I’m a big fan of the Dead Space video game franchise. You play the engineer Isaac Clarke (even if the name is a bit on-the-nose) who is on a huge mining ship when something goes very wrong. Armed with a welding gun (at first), you have to discover what happened and if you can save any of your crew members. That horrifying and gravity-defying game is getting a remake on January 27. How better to get in the mood for this game than with some space horror books?
Yes, I know. I’ve written before about how I don’t find horror books that scary. I still think that’s true. That doesn’t mean I don’t enjoy these books, though. Combine that with my love of science fiction and I’m all over a good space horror book. Maybe it’s aliens on a spaceship. Could be religious fanatics on a frozen planet. Ooh, or there’s the old alien virus on a space station — though, technically, that’s just tiny aliens on a larger spaceship. Whatever. Space is scary, y’all, so adding extra horror elements just ups the ante.
Here are ten great space horror books to get you in the mood for the upcoming remake of Dead Space. Proceed with caution…
Space Horror Books: Comics
Blame! by Tsutomu Nihei
In a massive city in the future of our solar system, Killy is looking for something. Armed with a powerful weapon, he’s searching for a genetic mutation that used to allow humans to access the cybernetic Netsphere. Every manner of human, transhuman, and horrific inhabitant of this giant city is going to stand in his way, though.
Gantz by Hiroya Oku
Kei and Masaru are just a couple of Tokyo teens going about their day until they’re killed by a train — except that they wake up in a room with an orb. That orb equips them and orders them to fight wave after wave of horrifying aliens. Can they win their freedom or just die for real?
Nameless by Grant Morrison, Chris Burnhamm, et al
This six-issue comic book series from 2017 sees an occult hustler known only as Nameless sent on a suicide mission. An asteroid is on a collision course with Earth. It’s no mere asteroid, though. It’s a piece of a lost planet long destroyed by elder gods. What’s more, one of those horrifying gods is in the asteroid just waiting to exact revenge.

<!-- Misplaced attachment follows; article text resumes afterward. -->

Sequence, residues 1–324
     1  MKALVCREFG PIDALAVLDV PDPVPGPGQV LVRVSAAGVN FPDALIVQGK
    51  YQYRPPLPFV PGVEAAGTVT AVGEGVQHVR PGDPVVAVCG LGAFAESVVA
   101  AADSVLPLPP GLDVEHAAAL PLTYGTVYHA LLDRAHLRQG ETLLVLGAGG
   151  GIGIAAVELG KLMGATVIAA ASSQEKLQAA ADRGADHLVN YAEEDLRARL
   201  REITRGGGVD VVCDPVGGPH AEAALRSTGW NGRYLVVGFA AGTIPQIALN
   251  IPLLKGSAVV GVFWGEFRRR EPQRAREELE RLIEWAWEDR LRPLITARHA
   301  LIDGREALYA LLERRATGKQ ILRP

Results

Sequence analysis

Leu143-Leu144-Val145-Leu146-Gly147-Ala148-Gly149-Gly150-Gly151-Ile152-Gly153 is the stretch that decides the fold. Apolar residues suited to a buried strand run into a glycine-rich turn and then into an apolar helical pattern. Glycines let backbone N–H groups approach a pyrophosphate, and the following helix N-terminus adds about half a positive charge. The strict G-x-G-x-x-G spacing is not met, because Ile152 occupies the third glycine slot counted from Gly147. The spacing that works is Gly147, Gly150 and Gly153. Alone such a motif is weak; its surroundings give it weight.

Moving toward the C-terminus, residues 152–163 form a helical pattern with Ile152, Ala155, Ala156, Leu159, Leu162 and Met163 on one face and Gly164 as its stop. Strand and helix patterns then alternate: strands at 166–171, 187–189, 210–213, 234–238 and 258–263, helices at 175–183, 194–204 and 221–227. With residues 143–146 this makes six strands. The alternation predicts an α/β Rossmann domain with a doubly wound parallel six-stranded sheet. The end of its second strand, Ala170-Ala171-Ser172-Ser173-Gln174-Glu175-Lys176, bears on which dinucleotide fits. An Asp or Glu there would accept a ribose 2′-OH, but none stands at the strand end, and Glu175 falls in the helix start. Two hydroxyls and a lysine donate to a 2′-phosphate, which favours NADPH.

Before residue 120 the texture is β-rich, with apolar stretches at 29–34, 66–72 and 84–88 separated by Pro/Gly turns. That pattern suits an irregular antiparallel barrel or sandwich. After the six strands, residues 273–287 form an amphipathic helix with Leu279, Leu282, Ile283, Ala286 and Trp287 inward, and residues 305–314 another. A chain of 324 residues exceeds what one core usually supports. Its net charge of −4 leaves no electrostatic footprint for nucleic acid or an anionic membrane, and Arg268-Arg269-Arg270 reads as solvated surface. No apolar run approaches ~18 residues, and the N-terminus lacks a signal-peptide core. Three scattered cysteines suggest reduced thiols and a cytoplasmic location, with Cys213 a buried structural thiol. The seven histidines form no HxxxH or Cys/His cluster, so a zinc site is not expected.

Space Horror Books: Prose
Dead Silence by S.A. Barnes
Imagine the Titanic in space. Now, imagine that the lost wreckage of that luxury spaceliner has been found. That’s what Claire and her beacon repair crew discover. Maybe they can strike it rich, or maybe whatever happened to the spaceliner will happen to them, too.
Dead Space by Kali Wallace
No, I’m not cheating. This book actually has nothing to do with the video game franchise.
Hester’s life was going well until an attack left her injured and stranded on a mining colony. Now she works security for the owners. When a friend of hers is murdered, Hester is in on the investigation, but what she finds sheds light on her own injury and so much more.
Hull Zero Three by Greg Bear
One man wakes up cold, naked, and wet. He’s aboard a spaceship. He doesn’t know where it’s going or why. He does know that he’s surrounded by monsters and other survivors who don’t seem much safer. He has a lot to uncover if he can survive.
Ship of Fools by Richard Paul Russo
Generation ships are often tales of heroism. In Ship of Fools, their enormous ship has been flying in circles looking for any sign of life, a safe place to land. When they follow a strange transmission, they find something that horrifies them deeply, and sends them hurtling toward even more space horror.
Six Wakes by Mur Lafferty
Maria has died before. She always awakens in a cloning vat, her last memory of her death. But now she’s awakened with no memory of her death. Blood streaks her vat. And she’s not the only member of her spaceship crew to have died recently. But how? Why? And who is responsible?
The Wasp Child by Rhiannon Rasmussen
If you think your childhood bullying was bad, meet Kesh. Living on a colony dictated by corporate values, his classmates kidnap him and leave him in the middle of an alien rainforest. He then meets the giant, bug-like alien inhabitants. They seem friendly, but they soon trade him back to the colony as a scientific curiosity. Everything for Kesh goes from bad to worse to horrifying.
We Have Always Been Here by Lena Nguyen
This novel is a different kind of horror, one of the mind rather than the body. Dr. Grace Park isn’t great with people. She’s more comfortable around androids. Now she’s the ship psychologist on a top-secret mission to a strange world. But when the crew starts acting strangely, human and android alike, Dr. Park might be their only hope.
There are so many great space horror books out there, and these are just a few. Check out 14 Space Horror Books for Those Who Dare to Believe and The Call is Coming from Inside the Spaceship: 6 Works of Space Horror for another 20 great space horror novels.